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iPhone 6s, 6s Plus Launch In Tokyo

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Apple CEO Tim Cook said late Tuesday that the company would oppose a federal judge’s ruling ordering the technology giant to help investigators break into an iPhone belonging to San Bernardino, Calif., shooter Syed Rizwan Farook.

 

“We have great respect for the professionals at the FBI, and we believe their intentions are good. Up to this point, we have done everything that is both within our power and within the law to help them,” Cook wrote in a letter published on the Cupertino, Calif.-headquartered firm’s website.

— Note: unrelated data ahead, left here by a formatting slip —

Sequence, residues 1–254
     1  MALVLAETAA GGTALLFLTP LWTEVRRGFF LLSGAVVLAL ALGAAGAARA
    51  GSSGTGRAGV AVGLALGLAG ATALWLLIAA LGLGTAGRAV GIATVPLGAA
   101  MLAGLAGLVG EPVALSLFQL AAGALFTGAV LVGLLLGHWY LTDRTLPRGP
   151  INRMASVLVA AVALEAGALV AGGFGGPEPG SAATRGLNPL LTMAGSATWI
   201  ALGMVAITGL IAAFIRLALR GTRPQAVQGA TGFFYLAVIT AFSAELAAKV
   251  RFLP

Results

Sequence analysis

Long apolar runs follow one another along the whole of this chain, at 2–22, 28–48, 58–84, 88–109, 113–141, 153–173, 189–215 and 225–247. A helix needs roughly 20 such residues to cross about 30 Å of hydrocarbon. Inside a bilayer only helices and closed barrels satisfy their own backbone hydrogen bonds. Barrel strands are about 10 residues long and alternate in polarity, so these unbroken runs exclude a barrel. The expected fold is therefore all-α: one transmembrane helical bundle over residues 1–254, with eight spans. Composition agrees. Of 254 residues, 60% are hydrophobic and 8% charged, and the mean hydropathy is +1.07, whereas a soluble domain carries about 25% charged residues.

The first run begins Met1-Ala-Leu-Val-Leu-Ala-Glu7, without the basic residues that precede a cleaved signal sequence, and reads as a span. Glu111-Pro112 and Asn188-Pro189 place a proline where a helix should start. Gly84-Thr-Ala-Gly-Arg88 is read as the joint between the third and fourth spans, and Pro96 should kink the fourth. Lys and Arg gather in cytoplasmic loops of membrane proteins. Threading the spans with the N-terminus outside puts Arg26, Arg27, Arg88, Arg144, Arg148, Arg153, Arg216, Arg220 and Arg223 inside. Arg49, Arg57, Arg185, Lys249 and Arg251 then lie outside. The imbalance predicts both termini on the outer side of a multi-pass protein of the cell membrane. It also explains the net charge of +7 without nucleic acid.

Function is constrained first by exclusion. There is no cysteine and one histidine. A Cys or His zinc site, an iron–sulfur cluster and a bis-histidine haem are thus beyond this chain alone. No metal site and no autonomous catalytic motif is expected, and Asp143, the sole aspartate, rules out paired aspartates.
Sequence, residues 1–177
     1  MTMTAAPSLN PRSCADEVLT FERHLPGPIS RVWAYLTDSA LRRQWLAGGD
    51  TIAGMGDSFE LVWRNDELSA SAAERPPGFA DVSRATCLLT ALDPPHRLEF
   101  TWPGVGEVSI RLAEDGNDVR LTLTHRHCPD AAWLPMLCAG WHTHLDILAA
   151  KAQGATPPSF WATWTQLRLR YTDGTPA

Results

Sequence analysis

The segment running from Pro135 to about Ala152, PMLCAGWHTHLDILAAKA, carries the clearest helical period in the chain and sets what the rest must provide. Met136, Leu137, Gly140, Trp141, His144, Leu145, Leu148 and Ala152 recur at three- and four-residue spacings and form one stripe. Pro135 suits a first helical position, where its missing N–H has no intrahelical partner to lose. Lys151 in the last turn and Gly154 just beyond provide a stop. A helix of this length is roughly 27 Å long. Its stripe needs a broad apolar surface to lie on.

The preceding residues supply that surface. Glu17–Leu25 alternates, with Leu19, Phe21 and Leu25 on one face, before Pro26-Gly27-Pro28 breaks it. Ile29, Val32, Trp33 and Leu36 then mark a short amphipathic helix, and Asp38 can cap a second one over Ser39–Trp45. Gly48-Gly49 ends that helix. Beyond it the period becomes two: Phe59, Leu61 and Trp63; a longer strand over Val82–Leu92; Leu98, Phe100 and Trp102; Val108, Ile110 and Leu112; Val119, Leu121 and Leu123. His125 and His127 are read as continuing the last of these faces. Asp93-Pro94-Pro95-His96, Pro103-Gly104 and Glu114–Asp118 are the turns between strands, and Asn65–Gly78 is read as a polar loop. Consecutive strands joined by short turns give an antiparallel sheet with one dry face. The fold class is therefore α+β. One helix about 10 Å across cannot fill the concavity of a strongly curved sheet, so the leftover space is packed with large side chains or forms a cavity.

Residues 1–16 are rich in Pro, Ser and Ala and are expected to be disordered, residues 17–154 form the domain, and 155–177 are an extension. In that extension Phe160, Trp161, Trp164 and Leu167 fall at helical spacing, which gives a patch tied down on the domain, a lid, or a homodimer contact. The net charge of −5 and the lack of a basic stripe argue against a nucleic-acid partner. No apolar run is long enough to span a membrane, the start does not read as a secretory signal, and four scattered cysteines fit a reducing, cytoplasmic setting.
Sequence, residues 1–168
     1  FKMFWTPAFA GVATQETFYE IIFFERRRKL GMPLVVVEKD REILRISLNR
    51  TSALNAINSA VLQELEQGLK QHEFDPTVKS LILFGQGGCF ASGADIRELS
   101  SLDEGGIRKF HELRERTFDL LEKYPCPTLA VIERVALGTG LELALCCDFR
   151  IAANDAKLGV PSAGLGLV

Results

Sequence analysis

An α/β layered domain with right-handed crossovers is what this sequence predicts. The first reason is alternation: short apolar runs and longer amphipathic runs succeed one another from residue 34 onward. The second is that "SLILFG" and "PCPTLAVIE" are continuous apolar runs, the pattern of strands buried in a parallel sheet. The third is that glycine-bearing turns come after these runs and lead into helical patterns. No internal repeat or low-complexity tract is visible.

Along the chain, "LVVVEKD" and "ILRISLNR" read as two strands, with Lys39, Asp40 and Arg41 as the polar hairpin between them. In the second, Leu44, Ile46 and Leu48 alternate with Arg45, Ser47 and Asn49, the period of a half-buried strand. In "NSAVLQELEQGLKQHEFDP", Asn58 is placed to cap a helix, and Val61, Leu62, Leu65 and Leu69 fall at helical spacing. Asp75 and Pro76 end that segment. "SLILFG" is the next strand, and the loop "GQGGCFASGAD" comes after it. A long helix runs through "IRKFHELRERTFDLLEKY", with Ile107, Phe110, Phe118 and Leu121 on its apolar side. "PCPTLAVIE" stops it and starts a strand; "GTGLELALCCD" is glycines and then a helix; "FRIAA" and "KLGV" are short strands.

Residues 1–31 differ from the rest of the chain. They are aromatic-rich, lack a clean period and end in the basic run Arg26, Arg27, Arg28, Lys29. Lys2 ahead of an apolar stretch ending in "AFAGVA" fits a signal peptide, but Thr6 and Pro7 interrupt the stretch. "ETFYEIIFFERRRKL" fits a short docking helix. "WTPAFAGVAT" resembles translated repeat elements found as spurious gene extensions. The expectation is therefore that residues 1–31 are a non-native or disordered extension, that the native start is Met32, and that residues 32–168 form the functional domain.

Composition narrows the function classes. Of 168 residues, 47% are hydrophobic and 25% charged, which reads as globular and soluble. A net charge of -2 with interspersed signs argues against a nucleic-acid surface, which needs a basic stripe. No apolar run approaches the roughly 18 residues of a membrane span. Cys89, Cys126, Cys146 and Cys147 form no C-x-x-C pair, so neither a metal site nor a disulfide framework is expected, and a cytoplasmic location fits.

“But now the U.S. government has asked us for something we simply do not have, and something we consider too dangerous to create. They have asked us to build a backdoor to the iPhone,” he said.

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